Quoting jfktpa119 (Reply 4):
It looks like a door thats open that doesn't seem aerodynamic (if you look at it largely). Does it close before take off?

It's open on the ground until the thrust levers are advanced for takeoff, at which point it starts to drive closed pressurizing the cabin at -500FPM until a PSID of 0.1 is reached. This eliminates the big pressure bump on liftoff like on some older aircraft.

It may look like it's not aerodynamic, but like every other piece of the aircraft it is optimized with great thought.


User currently offlinewn700driver From , joined Dec 1969, posts, RR:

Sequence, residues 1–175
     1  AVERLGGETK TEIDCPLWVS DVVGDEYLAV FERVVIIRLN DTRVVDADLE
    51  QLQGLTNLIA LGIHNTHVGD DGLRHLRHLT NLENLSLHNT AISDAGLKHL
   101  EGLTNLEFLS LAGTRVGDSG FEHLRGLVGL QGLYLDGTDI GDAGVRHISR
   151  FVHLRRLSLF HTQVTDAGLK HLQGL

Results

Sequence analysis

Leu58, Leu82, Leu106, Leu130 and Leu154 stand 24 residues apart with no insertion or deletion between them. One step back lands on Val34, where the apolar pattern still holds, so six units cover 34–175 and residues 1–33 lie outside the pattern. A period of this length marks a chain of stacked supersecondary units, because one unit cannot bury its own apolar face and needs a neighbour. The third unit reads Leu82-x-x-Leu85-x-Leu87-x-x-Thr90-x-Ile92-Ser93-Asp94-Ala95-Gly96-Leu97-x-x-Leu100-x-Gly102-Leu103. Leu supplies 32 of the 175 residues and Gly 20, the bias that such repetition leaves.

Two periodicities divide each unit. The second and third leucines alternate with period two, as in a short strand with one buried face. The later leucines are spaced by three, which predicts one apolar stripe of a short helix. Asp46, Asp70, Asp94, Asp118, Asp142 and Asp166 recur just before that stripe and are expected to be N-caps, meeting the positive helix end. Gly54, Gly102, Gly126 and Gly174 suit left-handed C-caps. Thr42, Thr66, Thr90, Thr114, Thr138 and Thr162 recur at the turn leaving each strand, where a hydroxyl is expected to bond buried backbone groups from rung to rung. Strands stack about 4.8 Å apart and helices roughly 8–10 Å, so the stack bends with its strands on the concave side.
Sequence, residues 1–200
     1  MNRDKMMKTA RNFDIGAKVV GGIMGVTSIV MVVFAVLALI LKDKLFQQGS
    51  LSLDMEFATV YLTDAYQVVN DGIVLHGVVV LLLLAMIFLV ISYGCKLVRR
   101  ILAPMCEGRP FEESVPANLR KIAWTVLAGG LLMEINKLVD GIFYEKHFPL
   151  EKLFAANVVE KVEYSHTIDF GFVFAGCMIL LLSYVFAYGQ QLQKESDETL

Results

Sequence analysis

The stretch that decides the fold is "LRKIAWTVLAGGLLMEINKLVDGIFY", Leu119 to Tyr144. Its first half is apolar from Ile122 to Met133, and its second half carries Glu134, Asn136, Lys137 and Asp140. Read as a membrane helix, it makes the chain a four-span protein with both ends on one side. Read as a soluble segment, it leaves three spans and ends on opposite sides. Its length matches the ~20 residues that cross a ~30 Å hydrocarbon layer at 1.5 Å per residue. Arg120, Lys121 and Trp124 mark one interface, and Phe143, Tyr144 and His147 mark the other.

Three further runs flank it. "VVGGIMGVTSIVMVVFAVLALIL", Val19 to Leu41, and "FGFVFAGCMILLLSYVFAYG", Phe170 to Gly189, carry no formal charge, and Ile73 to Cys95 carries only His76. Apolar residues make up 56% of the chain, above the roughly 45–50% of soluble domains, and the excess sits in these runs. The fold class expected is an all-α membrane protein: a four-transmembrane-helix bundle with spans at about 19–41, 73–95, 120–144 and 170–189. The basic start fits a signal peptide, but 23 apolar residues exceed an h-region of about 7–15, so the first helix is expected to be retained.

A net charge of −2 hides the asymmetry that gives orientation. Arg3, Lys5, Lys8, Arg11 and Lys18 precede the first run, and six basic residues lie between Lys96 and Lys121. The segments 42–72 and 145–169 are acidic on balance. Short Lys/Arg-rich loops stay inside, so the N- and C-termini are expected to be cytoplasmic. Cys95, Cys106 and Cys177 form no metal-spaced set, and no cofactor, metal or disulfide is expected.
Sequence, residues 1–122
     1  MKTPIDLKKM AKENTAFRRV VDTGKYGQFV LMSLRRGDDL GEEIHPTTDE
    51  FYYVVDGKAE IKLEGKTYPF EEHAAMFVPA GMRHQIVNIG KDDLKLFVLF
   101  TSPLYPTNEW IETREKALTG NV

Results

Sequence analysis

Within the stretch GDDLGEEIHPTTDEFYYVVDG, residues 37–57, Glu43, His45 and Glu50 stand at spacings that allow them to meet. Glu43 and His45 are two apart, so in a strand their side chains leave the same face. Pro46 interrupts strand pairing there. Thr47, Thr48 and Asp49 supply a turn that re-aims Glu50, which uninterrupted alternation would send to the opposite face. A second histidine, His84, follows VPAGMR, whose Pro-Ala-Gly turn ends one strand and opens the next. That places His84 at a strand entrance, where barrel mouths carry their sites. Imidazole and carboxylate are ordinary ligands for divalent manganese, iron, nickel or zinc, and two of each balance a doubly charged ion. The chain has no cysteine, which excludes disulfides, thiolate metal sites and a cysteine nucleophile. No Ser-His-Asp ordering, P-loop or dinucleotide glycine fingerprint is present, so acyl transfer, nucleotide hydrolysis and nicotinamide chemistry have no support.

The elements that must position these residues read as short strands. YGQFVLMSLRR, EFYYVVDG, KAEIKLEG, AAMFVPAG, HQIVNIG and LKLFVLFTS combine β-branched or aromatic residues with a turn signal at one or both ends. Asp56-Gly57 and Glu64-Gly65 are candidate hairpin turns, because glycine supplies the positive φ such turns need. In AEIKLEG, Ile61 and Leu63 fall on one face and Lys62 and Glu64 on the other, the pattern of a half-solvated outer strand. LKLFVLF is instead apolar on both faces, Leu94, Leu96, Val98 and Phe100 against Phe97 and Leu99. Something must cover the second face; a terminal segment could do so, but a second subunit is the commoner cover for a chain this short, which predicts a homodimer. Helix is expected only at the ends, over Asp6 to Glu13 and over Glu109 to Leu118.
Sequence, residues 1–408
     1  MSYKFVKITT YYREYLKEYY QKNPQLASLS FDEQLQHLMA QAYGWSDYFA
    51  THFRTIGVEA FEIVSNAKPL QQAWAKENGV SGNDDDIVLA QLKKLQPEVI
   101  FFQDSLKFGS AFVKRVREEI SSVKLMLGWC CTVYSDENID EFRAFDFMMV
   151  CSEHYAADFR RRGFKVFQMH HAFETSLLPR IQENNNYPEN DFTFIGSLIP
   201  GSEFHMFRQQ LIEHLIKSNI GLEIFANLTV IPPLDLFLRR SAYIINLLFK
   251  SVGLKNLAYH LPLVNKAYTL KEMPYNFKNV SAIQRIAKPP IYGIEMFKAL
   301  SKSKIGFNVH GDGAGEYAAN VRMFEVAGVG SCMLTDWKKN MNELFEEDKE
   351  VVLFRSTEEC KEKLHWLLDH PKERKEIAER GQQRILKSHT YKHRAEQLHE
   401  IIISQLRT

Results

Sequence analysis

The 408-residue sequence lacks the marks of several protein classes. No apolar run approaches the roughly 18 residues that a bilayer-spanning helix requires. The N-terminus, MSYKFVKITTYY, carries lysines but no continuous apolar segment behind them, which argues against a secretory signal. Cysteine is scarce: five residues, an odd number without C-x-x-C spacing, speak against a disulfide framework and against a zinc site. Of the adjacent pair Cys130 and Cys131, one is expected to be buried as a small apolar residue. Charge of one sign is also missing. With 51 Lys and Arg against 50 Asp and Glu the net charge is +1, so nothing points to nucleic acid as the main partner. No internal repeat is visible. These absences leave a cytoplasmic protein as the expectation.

Reply 8, posted (3 years 11 months 2 weeks 5 days 2 hours ago) and read 6816 times:

Quoting jfktpa119 (Reply 4):

It looks like a door thats open that doesn't seem aerodynamic (if you look at it largely). Does it close before take off?

Can't say for the 320, but on many types, such valves (like the Super 80's "dinner plate"), don't close all the way until the AC literally passes through the alt. the cabin is pressurized to...


User currently offlinesoon7x7 From , joined Dec 1969, posts, RR:
Reply 9, posted (3 years 11 months 2 weeks 4 days 16 hours ago) and read 6681 times: